White coat hypertension, a condition in which blood pressure is elevated at the doctor’s office or clinic but not at home, is a fairly common condition. Sometimes it can result in people taking medication they may not need. Some of our readers have suggested that simply getting to the doctor might be enough in some cases to make blood pressure spike. Does that happen to you?
How Could Getting to the Doctor Affect Blood Pressure?
Q. I have found that blood pressure measurements are usually taken soon after you arrive at the doctor’s office. Part of white coat hypertension could be that you’re stressed from getting to the office (finding parking, walking, filling out forms). Taking the blood pressure later in the visit might provide a more useful reading.
Getting to the Doctor Early:
A. Thanks for this advice. Another reader shared her solution to this challenge:
“I resolved my white coat hypertension by arriving well ahead of my appointment. I get a coffee and then have time to sit and relax a little with my iPad or a magazine. This gives me a chance to recover from the stress of heavy traffic so I can avoid the anxiety of being late.”
We are glad this works for you. For others, we would discourage the coffee. Some research suggests that drinking coffee can increase blood pressure for a few hours (Clinical Nutrition, online, March 31, 2016). While that is not enough to be a problem long-term, it could certainly affect blood pressure measurement in the office.
There is not currently consensus among physicians about how white coat hypertension should be treated (Current Hypertension Reports, Nov., 2016). People with this condition seem to be at intermediate risk-right in between those with unquestioned high blood pressure, which increases the risk of heart attacks and strokes among other dangers, and those with normal blood pressure that doesn’t need any treatment. People who do have elevated blood pressure only at the clinic should probably stay in touch with the health care provider for regular monitoring. That way, if occasional high blood pressure becomes more frequent, someone will note it and initiate treatment.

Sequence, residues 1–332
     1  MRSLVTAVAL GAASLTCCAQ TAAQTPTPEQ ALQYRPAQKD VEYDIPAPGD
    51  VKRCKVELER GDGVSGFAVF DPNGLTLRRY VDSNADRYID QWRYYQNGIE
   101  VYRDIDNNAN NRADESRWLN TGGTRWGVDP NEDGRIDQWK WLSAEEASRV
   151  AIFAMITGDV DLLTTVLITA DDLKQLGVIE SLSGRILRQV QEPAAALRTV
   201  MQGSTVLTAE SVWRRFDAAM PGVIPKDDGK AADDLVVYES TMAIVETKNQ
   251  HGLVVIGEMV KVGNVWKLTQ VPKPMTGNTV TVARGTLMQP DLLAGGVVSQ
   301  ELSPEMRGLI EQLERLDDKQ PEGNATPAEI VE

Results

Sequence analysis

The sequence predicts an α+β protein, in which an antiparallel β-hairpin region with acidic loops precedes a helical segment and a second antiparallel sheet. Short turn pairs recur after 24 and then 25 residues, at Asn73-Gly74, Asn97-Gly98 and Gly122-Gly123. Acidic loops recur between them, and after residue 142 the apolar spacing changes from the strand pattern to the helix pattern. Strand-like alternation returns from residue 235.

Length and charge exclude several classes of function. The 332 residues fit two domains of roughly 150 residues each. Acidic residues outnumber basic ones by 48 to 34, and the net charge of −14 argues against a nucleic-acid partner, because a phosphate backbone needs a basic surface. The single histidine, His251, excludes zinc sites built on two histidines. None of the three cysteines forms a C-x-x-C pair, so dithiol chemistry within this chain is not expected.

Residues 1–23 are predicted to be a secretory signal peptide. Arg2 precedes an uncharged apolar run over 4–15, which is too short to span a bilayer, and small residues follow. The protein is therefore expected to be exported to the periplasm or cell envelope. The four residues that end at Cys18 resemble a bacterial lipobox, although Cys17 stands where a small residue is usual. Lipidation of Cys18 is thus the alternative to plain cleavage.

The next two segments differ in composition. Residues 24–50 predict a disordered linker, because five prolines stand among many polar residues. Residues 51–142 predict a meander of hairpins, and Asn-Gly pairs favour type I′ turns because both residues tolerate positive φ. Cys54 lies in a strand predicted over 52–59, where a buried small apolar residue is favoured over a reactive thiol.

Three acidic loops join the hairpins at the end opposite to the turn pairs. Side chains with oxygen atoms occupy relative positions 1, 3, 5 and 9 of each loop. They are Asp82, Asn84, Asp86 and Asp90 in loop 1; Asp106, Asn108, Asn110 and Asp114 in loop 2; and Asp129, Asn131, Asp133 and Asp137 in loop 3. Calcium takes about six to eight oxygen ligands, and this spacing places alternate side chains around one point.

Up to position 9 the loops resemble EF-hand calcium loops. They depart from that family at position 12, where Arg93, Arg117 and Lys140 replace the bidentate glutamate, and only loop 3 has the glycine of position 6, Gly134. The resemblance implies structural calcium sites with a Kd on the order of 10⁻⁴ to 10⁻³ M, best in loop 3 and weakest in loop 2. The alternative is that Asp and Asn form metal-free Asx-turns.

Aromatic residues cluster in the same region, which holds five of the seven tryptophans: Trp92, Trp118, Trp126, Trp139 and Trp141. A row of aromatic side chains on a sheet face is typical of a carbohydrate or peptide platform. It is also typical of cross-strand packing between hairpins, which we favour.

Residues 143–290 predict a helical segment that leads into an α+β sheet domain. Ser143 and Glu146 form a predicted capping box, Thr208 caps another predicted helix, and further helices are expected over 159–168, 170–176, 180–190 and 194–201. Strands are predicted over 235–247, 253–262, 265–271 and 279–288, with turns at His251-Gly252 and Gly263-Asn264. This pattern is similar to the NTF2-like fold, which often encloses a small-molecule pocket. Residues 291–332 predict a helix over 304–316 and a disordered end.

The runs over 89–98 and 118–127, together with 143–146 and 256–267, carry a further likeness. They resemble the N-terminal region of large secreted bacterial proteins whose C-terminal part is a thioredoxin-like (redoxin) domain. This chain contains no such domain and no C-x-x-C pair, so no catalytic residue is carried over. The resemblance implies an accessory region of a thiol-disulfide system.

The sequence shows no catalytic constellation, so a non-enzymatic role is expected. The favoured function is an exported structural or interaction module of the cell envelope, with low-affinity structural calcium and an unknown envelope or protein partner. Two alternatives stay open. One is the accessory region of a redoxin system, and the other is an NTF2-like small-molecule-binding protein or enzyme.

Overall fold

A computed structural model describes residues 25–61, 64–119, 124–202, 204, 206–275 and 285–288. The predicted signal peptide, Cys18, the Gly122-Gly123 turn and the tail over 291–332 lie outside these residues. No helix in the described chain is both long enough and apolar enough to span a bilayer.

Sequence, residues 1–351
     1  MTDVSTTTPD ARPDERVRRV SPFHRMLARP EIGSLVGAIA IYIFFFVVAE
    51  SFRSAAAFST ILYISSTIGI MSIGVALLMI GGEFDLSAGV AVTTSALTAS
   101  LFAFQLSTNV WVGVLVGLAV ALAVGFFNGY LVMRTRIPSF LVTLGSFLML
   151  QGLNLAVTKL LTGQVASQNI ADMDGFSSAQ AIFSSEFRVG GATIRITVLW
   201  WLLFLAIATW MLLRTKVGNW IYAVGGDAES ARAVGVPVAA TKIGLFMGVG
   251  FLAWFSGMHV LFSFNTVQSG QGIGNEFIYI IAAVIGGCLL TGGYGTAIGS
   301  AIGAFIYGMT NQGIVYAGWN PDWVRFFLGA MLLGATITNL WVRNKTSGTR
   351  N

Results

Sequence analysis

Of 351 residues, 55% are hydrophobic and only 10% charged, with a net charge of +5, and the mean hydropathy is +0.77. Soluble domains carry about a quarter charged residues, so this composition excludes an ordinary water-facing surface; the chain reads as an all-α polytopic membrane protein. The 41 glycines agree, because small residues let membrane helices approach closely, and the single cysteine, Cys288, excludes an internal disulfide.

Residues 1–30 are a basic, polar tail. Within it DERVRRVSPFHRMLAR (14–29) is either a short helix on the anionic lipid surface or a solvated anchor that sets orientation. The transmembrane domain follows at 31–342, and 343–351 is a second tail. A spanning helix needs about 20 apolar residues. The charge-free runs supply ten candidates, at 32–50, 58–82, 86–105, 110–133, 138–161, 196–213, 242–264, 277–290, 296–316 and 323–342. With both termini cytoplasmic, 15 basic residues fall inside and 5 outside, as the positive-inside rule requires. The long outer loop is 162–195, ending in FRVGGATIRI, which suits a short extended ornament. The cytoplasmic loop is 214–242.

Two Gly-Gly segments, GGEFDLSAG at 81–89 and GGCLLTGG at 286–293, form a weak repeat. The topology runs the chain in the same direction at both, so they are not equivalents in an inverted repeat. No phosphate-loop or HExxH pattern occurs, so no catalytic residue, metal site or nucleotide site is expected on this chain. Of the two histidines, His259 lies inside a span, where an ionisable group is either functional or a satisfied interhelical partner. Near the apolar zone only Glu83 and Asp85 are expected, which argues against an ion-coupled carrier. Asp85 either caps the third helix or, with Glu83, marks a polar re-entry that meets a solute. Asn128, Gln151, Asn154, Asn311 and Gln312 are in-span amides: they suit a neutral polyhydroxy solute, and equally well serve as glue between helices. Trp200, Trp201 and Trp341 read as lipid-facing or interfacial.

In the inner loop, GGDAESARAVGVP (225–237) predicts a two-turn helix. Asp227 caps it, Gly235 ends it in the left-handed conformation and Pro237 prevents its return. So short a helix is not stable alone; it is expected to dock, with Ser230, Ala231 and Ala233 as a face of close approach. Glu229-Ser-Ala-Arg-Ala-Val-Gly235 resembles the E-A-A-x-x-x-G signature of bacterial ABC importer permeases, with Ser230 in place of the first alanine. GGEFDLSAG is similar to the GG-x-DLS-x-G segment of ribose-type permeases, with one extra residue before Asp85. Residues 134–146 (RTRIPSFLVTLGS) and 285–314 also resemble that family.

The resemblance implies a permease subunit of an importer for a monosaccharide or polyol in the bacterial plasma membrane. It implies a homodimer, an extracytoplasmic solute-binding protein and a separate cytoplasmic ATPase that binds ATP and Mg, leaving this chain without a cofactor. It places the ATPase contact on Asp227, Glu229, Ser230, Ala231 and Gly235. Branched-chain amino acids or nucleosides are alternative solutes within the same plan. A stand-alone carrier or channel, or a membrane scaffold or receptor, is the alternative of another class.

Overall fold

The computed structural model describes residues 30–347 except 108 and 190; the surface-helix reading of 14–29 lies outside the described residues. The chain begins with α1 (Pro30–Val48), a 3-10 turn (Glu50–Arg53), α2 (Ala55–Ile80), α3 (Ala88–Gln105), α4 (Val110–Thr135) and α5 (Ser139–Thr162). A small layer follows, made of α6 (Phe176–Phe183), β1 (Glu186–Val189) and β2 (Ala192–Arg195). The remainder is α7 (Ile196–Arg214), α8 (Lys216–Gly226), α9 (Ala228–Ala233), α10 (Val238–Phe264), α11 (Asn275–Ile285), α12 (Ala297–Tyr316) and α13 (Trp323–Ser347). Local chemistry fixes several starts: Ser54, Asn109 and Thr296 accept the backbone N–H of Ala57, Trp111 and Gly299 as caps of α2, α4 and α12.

Measuring Blood Pressure Properly:
Even if the stress and hassle of getting to the doctor doesn’t mess up your blood pressure noticeably, it is still important for it to be measured properly. That means:
- Sitting on a chair with back support,
- with your feet on the floor, not dangling
- with your arm supported at heart level
- and not talking.
It is surprising how frequently these basics of blood pressure measurement are overlooked or ignored. In addition, the blood pressure cuff needs to be the correct size. People with unusually thick arms need a larger cuff; those with extremely thin arms may need a smaller cuff than normal.
There is a condition that is the counterpoint to white coat hypertension. In masked hypertension, blood pressure measurements may be normal at the doctor’s office, but is often elevated in other situations. This condition can be difficult to diagnose, but it affects between 10 and 15 percent of the population (Circulation, Dec. 6, 2016; European Heart Journal, online Nov. 10, 2016). That is why we urge everyone to have a home blood pressure monitor and use it regularly.
You can learn more about white coat hypertension and blood pressure control, as well as guidelines on proper measurement of blood pressure, in our Guide to Blood Pressure Treatment.